Looking back at the history of the freethought movement, changes in communication have been mammoth. At the time of the founders and early social reform movements in the United States, social media consisted of books, pamphlets, and word-of-mouth. Today, people can instantly reach each other around the world through online communication. Word travels fast, but so does miscommunication, lately known as fake news (some of it intentional). Both atheists and religious fundamentalists are able to spread information as never before, but of course they differ on what they consider to be “fake news.”
Speaking of fake news, the influence of religion at the highest levels of government has never been stronger than under President Donald Trump. He has appointed more than 150 judges, most of whom seem hostile to the separation of religion and government. He has ordered every department in the executive branch to work on faith-based partnerships, signing an executive order creating the “White House Faith and Opportunity Initiative,” an office that undermines religious freedom by giving taxpayer money to religious groups and allowing them to discriminate, with little accountability and no transparency.
Not only are Trump’s cabinet members very religious, but they also seem to oppose the separation of religion and government. Ben Carson, the Secretary of Housing and Urban Development, referred to the separation of church and state as “crap” prompted by “political correctness.” Attorney General William Barr said, “The separation of church and state is for losers, liberals, and America-hating atheists.”
Christian Nationalists and evangelicals, with Trump’s blessing, have introduced legislation to teach the Bible in schools, display religious mottos in schools, discriminate in foster care and adoption, pass religious refusal in healthcare, and promote anti-science religious teachings. Whatever you think about Trump wanting to build a wall between Mexico and the United States, we must not let him tear down the wall between church and state.
Nonetheless, I’m cautiously optimistic about our future. It is up to secularists working with all who favor separation of religion and government to counter the influence of religion in government. The secular movement is growing, both formally through secular organizations and informally through “nones,” those who don’t subscribe to any faith. The “nones” are the fastest growing “religion” in the United States, especially among young people. Many “nones” broke from conservative religion because it is anti-LGBTQ, anti-women’s rights, and anti-science. Pedophilia has also discouraged people from maintaining their church affiliation.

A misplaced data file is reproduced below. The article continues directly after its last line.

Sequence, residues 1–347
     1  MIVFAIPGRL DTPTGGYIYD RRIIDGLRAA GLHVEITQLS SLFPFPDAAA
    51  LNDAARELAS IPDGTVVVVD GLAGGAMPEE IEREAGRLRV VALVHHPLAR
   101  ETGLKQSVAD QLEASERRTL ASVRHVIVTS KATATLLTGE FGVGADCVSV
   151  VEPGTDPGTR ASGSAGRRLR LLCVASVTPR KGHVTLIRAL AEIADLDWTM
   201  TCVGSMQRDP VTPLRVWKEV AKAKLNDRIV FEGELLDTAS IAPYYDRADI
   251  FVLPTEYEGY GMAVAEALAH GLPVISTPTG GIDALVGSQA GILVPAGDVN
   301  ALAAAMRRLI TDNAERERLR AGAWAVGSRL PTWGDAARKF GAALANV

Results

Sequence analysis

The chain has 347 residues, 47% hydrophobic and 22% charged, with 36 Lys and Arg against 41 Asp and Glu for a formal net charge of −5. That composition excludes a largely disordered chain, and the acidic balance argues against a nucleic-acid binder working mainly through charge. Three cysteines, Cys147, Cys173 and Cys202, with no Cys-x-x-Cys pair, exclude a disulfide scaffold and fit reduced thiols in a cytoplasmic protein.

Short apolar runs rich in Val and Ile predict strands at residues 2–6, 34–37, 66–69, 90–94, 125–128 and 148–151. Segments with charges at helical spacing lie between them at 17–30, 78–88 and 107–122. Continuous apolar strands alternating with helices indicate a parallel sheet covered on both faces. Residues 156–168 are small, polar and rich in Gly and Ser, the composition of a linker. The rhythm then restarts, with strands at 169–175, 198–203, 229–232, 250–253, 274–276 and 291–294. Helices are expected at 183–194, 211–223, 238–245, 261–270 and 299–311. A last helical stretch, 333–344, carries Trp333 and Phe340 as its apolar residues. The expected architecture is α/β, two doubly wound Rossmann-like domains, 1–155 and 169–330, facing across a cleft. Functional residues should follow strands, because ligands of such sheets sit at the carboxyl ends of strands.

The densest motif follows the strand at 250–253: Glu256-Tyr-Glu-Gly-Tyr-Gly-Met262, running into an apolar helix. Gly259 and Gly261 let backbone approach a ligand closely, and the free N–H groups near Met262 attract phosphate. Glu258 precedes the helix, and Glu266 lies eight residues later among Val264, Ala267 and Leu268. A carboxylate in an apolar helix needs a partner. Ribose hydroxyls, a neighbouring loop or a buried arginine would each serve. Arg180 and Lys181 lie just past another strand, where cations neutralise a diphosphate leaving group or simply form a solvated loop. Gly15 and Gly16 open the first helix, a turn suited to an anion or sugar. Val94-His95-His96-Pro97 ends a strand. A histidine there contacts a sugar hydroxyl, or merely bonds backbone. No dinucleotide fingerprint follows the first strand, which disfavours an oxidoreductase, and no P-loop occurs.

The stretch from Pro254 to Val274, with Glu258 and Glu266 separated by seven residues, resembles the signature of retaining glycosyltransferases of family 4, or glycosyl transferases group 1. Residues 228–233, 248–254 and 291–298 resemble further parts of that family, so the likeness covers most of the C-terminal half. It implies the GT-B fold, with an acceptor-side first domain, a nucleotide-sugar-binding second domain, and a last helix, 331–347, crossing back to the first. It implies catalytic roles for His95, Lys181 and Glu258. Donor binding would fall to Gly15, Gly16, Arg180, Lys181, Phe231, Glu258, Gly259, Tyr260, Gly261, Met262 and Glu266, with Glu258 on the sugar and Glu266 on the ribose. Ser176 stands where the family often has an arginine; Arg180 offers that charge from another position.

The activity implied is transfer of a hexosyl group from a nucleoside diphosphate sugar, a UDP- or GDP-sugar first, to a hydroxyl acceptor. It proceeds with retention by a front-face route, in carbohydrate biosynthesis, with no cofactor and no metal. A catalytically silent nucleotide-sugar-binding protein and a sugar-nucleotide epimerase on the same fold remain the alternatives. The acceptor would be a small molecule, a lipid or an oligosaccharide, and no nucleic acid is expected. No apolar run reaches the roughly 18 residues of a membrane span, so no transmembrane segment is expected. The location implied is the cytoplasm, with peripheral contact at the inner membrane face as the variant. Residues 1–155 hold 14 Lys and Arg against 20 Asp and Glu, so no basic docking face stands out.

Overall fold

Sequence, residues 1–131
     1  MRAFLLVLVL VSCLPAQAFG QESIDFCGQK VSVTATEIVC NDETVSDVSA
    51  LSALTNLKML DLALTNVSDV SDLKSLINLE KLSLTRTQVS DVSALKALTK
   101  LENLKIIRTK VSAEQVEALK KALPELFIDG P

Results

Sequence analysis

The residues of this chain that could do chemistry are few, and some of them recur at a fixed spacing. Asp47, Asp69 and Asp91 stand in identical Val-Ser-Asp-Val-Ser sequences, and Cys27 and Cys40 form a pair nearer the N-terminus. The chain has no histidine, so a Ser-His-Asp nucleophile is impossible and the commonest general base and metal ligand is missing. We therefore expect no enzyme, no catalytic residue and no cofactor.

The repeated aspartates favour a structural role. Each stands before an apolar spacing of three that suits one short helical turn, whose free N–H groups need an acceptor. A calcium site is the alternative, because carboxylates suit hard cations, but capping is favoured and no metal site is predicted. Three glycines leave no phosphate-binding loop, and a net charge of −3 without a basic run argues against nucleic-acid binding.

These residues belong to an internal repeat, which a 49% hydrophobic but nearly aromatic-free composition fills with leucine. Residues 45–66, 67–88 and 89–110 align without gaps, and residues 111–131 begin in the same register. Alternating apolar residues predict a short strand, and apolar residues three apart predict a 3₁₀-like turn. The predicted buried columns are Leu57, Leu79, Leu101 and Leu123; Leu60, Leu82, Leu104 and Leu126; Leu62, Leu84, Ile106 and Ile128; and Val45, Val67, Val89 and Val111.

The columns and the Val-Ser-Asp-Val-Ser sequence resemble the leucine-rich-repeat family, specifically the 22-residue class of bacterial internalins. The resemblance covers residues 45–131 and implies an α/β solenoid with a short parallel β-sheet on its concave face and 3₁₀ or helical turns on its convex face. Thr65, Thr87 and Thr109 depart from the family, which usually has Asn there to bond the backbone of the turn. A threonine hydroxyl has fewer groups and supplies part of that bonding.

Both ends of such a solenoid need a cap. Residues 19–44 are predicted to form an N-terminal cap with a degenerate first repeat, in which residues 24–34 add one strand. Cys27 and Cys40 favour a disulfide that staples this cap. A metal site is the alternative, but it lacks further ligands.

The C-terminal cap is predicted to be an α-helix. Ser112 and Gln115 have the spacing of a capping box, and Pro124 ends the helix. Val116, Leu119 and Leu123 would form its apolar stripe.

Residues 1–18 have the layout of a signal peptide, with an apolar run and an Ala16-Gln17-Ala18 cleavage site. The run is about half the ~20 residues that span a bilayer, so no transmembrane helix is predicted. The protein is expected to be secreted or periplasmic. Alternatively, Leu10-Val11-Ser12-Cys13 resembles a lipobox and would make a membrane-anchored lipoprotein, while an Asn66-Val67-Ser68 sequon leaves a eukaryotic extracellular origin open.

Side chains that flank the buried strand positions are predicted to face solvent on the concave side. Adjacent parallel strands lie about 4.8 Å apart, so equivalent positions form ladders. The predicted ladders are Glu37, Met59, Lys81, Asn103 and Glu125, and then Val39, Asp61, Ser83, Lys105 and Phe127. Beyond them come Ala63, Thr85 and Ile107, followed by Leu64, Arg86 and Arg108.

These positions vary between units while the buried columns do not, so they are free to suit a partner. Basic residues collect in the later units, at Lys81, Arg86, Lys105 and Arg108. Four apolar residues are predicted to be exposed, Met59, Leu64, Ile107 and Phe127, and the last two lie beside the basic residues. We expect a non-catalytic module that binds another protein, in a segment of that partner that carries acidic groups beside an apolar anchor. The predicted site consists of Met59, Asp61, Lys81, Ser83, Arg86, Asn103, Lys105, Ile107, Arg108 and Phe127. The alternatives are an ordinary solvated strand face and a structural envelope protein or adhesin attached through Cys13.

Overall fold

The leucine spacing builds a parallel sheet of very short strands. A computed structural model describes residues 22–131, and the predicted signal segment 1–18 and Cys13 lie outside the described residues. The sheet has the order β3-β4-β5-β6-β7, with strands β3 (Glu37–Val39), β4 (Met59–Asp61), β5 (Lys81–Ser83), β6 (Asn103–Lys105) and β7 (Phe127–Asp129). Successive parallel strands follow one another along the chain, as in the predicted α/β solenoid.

Based on surveys, the United States is becoming less religious every year. This is finally being reflected in politics. A Congressional Freethought Caucus, formed in 2018 with 4 members, promotes evidence-based public policy and is a forum for secular members of Congress. It now has 12 open members, with more likely to join. There has also been a 900% increase in the number of state legislators who identify with the atheist and humanist community (from 5 in 2016 to over 50 today).
And finally, thanks to the Secular Coalition of America and their Director of Governmental Affairs, Sarah Levin, the Democratic National Committee (DNC) this year embraced American nonbelievers for the first time, adopting a resolution that recognizes their contributions to society. At nearly one quarter of the total U.S. population, nonreligious Americans represent a sizeable voting bloc. This resolution marks the first time a major U.S. political party has specifically courted religiously unaffiliated people across the nation.
The resolution says that the DNC recognizes the value, ethical soundness, and importance of the religiously unaffiliated demographic, a group of Americans who contribute in innumerable ways to the arts, sciences, medicine, business, law, the military, their communities, the success of the Party and prosperity of the Nation; and that religiously unaffiliated Americans are a group that, as much as any other, advocates for rational public policy based on sound science and universal humanistic values and should be represented, included, and heard by the Party.
And looking to the future of freethought, I hope that one day every political party at every governmental level will adopt similar resolutions.
Jacobsen: Thank you for the opportunity and your time, Dr. Silverman.